DefenceIndian Navy

Indian Navy Is Ramping Up Its Indigenization Operations, With A Focus On Weapons And Aero Equipment.

The Navy, which pioneered indigenization decades ago and promulgated the Indian Navy Indigenisation Plan (INIP) 2015-2030 in 2014 to facilitate indigenous development of equipment and systems, is now stepping up indigenization activities, particularly in the areas of weapons and aviation.

This is in keeping with the government’s push to reduce defence imports and enhance domestic manufacture, which has become even more urgent as a result of Russia’s ongoing war in Ukraine and the Indian military’s large-scale reliance on Russian guns and equipment.

“Under the INIP, the Navy has indigenised over 3400 items to far, including over 2000 machinery and electrical spares, over 1000 aircraft spares, and over 250 weapon spares.” The current Naval Aviation Indigenisation Roadmap (NAIR) 2019-22 is also being updated.

The updated NAIR 2022-27 includes all fast-moving aircraft obligatory spares and high-cost indigenous maintenance, according to one official.

The battle component (weapons) is receiving special attention because it still has a long way to go compared to the float and move components, according to the official. Float is made up of the ship, move is made up of the propulsion, and fight is made up of weapons and sensors.

“The Navy has a leg up on the competition. Several measures were taken early on in this area, according to a Navy official.

In order to do this, four in-house indigenisation committees for naval aircraft spares have been established. At addition, Naval Liaison Cells (NLCs) have been designated as “indigenisation cells” in various locations.

According to the Navy, there are currently 41 ships and submarines under construction, 39 of which are being built in Indian shipyards and 47 of which have received preliminary approval from the Ministry of Defense. According to officials, Indian vendors have been awarded 78 percent of Acceptance of Necessity (AoN) and 68 percent of contracts since 2014.

According to the officer stated above, the Navy is collaborating with the Defence Research and Development Organisation (DRDO) and industry to shorten development schedules. “Startups and Micro, Small, and Medium Enterprises (MSME) are performing admirably.”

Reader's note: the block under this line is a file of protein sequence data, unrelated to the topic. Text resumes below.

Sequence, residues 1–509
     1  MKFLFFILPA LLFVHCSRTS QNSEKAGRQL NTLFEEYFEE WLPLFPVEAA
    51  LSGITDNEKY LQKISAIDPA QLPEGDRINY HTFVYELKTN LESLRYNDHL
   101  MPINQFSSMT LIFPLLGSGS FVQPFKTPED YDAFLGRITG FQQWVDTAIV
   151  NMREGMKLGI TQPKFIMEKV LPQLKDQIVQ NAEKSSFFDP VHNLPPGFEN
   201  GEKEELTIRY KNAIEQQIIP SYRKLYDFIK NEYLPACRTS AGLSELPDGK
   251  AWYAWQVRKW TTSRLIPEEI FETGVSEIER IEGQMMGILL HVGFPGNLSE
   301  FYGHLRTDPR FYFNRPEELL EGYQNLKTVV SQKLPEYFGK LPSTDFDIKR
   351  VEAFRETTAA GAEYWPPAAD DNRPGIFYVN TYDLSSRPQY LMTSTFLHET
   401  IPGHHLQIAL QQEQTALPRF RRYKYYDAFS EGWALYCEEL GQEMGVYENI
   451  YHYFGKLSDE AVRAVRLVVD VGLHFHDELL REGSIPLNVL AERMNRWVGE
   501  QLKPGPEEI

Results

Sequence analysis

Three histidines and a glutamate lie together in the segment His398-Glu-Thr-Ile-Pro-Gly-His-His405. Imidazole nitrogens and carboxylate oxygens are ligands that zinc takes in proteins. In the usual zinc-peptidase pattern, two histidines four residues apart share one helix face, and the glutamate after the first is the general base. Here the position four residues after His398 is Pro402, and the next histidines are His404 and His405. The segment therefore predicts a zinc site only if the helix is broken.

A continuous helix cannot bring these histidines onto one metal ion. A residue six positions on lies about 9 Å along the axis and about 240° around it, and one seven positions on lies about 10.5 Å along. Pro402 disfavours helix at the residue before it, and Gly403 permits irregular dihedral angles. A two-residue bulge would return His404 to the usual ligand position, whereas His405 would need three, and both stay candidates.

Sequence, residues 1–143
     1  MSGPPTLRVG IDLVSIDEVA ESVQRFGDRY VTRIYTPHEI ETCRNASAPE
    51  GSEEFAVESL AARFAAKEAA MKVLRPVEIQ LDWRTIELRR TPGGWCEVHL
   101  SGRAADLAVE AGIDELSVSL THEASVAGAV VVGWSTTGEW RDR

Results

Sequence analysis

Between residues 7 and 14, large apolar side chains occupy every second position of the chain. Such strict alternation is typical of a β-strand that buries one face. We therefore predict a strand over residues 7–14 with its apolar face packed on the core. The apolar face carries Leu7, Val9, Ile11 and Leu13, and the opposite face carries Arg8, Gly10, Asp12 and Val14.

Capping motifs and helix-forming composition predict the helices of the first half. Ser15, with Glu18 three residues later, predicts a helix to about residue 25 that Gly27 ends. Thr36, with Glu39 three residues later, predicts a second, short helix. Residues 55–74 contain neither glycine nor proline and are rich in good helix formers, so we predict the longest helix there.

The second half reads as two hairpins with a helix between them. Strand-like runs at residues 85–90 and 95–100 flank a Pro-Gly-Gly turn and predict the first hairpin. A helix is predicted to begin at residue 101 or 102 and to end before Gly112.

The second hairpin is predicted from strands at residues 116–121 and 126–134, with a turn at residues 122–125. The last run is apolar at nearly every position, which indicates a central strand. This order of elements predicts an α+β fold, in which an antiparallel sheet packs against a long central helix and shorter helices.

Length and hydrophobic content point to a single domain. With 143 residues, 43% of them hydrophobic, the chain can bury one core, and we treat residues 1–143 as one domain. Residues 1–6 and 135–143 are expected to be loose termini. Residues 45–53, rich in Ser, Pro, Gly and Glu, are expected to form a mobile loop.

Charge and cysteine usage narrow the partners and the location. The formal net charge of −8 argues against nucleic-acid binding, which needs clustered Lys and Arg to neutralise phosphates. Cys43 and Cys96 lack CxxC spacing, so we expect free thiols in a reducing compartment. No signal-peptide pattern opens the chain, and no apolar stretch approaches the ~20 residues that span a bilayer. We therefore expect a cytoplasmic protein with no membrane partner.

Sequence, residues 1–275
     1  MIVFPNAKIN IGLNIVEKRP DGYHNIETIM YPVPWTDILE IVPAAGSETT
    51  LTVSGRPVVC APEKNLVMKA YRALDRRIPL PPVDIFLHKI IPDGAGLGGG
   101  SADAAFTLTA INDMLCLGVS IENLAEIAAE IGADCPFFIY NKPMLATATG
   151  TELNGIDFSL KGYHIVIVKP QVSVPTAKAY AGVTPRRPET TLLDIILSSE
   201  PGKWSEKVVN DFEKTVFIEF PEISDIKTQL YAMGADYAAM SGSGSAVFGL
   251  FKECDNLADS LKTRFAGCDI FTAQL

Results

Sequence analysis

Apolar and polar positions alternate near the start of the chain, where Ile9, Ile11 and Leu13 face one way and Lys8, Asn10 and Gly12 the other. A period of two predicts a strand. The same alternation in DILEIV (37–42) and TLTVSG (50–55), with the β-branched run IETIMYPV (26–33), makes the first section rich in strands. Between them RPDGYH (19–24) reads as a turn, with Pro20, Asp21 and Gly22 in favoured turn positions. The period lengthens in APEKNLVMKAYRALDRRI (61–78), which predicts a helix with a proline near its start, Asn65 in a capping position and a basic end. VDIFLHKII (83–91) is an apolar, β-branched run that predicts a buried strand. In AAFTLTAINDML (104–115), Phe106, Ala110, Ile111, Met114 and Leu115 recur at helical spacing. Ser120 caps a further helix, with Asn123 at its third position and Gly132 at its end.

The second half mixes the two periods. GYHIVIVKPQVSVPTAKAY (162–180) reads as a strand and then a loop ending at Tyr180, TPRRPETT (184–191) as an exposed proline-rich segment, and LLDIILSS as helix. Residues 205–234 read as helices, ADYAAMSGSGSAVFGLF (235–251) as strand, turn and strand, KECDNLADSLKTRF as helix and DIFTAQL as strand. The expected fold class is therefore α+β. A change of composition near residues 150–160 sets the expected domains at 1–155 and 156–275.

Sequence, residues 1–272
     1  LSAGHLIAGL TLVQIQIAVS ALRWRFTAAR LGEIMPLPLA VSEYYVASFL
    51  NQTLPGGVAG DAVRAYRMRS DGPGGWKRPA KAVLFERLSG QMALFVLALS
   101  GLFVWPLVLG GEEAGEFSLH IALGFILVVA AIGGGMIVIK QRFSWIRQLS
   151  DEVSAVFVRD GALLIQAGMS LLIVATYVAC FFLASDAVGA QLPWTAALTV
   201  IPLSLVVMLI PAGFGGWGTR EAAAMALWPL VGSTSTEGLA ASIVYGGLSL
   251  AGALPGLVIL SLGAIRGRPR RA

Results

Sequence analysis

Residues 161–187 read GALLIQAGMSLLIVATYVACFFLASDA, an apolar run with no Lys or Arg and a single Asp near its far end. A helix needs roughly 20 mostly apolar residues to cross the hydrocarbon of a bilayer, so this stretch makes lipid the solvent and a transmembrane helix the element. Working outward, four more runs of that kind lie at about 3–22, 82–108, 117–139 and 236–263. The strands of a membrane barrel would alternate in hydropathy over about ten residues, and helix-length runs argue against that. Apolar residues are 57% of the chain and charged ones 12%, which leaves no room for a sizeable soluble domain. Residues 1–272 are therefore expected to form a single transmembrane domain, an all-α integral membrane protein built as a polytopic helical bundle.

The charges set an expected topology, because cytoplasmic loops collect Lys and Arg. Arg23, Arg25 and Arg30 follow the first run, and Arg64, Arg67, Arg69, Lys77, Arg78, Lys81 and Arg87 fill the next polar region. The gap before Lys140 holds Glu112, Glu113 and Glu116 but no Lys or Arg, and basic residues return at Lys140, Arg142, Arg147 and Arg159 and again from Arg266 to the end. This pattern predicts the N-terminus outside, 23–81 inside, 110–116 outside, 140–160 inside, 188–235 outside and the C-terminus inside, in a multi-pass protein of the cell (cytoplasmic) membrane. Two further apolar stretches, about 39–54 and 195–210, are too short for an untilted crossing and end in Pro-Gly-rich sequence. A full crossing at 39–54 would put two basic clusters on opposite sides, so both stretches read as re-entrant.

Anti-Submarine Weapons and sensors, Satcom and electronic warfare equipment, Anti-Ship Missiles and Medium Range Surface to Air Missiles, combat management system, software defined radios, network encryption devices, Link II communication system, main batteries for submarines, distress sonar system, missile and torpedo components, and so on are some of the focus areas.

According to officials, the Naval Innovation and Indigenisation Organisation (NIIO), which was established in August 2020 by Defence Minister Rajnath Singh, provides a flexible and accessible interface for academia and industry to interact with the Indian Navy capability development apparatus.

Navy employees have filed 36 IPR (Intellectual Property Rights) petitions in the last two years.

Since the establishment of NIIO, over two IPR applications have been filed every month, and technology transfer to 12 MSMEs has already been completed,” according to another defence official.

The Navy has now forwarded user feedback to DRDO cluster headquarters via Naval Project Management Teams, and two such clusters are already operating. The official stated that these have interfaced with DRDO labs and their Development cum Production Partners (DcPP) to provide user feedback at every level to 15 futuristic Technology and 100+ DRDO projects currently underway for the development of the Indian Navy’s combat capacity.

The Navy has more than 20 Make I and Make II cases in various stages of development under various domestic procurement procedures. When comparing highly skilled and technology-intensive warship production to commercial shipbuilding, Navy Chiefs have previously stated that the manpower required to construct a commercial ship of approximately 30,000 tonnes is less than the manpower required to construct a warship of approximately 6,000 tonnes.

Furthermore, studies reveal that one worker engaged in a shipyard has a multiplier effect of around 6.4 on ancillary businesses, according to a senior officer.

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